Ensuring Quality Healthcare - Congressman Roskam's Weekly Column
Universal health care is the leading buzzword on Capitol Hill these days. While the rhetoric sounds admirable, the reality is anything but. Many patriotic, compassionate Americans support ensuring access to quality care for everyone. Unfortunately, two important elements are consistently left out of the debate. Quality and cost must be major considerations as we consider how best to move forward.
Special interests in Washington are constantly calling for the creation of a health care system like Canada's, or the U.K.'s. I don't know about you, but I am not interested in waiting two years for essential surgery, as is common under Canada's system. In the U.S., most procedures can be scheduled and completed in a matter of days. These "universal" systems have no control mechanism in place to ensure that patients have access to timely, quality care.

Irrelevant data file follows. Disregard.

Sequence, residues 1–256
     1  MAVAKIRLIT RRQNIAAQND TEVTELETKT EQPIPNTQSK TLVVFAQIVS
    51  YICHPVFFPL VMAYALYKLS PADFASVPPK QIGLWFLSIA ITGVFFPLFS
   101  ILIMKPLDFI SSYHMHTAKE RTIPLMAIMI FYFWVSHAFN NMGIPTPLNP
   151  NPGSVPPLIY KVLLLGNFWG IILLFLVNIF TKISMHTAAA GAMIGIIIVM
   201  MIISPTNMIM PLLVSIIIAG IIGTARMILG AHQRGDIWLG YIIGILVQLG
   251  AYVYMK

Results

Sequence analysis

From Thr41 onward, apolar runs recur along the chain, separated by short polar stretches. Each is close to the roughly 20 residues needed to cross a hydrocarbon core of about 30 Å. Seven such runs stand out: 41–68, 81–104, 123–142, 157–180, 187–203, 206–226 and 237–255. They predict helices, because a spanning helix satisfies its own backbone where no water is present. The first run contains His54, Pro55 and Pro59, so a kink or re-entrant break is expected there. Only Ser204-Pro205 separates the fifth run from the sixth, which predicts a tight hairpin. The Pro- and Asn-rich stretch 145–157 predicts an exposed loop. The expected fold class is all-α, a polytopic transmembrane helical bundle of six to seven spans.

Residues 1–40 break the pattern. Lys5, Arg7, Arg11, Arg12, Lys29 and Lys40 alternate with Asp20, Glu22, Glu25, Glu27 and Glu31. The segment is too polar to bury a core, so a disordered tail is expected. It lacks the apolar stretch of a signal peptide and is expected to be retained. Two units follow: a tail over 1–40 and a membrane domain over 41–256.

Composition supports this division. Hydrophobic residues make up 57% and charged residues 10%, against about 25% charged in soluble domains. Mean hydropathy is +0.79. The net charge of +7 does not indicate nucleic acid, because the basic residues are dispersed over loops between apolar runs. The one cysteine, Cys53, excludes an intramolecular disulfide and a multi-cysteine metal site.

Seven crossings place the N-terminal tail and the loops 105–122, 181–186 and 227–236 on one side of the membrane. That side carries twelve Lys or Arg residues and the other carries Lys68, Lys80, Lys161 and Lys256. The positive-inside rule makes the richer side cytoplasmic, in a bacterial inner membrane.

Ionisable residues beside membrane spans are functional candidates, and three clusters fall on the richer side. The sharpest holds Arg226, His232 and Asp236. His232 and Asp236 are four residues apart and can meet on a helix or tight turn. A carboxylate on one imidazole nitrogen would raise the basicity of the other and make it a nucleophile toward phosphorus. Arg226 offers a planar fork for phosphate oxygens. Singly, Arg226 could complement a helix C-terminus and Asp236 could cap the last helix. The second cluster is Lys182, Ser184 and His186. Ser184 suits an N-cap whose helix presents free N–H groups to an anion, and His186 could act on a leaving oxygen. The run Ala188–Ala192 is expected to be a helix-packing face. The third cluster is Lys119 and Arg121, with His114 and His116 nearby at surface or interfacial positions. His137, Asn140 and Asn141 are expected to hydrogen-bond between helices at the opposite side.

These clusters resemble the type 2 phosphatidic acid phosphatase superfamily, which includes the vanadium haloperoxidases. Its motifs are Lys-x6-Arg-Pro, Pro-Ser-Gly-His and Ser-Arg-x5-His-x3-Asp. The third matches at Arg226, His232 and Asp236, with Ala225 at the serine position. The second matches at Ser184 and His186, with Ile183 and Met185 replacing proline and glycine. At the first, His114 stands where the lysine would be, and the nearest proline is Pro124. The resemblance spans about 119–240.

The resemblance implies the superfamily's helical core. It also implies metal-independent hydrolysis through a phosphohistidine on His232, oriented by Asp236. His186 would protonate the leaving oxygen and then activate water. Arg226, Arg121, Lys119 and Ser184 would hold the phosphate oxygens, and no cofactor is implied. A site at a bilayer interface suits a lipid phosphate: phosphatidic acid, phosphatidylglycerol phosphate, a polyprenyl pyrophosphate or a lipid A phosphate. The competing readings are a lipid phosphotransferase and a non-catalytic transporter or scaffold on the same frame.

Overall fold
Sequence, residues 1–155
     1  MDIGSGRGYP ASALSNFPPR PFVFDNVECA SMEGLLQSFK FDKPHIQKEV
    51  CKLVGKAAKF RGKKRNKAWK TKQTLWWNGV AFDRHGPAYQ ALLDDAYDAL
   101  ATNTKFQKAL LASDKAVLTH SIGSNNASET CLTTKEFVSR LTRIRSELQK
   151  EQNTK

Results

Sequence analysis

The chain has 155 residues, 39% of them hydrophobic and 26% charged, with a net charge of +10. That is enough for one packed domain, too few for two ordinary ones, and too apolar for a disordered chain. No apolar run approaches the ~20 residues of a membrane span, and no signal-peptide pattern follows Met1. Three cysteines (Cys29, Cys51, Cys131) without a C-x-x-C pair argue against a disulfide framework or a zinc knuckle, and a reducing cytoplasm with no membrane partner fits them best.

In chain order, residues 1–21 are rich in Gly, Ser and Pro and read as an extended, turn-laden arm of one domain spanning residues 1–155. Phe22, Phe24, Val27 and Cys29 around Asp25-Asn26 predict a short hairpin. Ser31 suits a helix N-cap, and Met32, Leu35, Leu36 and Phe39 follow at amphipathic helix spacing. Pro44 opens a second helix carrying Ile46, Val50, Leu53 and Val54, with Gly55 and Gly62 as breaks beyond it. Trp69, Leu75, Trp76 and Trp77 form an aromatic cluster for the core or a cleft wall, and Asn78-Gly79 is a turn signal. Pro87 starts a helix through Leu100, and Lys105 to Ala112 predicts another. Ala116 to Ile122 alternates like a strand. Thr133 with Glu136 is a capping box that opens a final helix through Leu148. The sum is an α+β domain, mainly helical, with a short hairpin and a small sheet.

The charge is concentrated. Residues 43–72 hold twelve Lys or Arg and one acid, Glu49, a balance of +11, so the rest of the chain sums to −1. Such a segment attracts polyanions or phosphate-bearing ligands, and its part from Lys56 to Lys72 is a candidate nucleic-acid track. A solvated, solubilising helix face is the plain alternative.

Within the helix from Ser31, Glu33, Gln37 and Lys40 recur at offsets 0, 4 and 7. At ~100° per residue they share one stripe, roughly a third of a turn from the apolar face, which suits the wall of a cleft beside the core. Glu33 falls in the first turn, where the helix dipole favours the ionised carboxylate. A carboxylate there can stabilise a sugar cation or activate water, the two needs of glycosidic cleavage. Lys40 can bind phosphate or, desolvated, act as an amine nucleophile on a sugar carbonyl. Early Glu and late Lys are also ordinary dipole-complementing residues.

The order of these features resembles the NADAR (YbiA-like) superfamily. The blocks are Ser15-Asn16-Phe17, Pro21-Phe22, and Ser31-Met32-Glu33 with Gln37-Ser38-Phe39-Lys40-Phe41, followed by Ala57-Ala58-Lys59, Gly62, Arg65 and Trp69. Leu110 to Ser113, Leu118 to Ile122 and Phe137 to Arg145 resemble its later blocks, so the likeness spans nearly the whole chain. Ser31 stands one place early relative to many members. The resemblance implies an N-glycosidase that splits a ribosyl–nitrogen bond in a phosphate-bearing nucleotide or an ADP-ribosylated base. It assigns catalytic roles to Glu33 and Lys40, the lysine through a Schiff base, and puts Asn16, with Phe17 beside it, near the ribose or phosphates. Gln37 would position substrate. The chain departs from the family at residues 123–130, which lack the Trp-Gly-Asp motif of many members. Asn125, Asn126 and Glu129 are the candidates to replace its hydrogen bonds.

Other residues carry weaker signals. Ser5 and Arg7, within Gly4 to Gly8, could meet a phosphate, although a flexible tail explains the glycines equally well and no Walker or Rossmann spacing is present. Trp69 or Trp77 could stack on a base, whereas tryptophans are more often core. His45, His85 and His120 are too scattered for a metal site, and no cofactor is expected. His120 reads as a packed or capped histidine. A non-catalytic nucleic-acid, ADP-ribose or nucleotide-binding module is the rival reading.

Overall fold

In addition to problems of quality, universal access proposals struggle with prohibitive costs. Health spending is one of the largest spending areas in the federal government, costing almost $700 billion in 2006 alone. Also, as the Congressional Budget Office (CBO) recently announced, for every 100 children who enrolled in the State Children's Health Insurance Program, up to 50 left private health insurance plans in favor of the federal government coverage. Again, an attempt to expand access to care has damaging unintended consequences. In this case, taxpayers in my Congressional district are forced to foot the bill to support families that already had access to private health care coverage.
While ensuring access to health care for all is crucial, I believe we can do better. I am committed to working in a bipartisan fashion to ensure quality, competition, and cost remain a part of the broader proposal of expanding access to health care. Working together to overcome these obstacles, we could do some really amazing things in the health care field.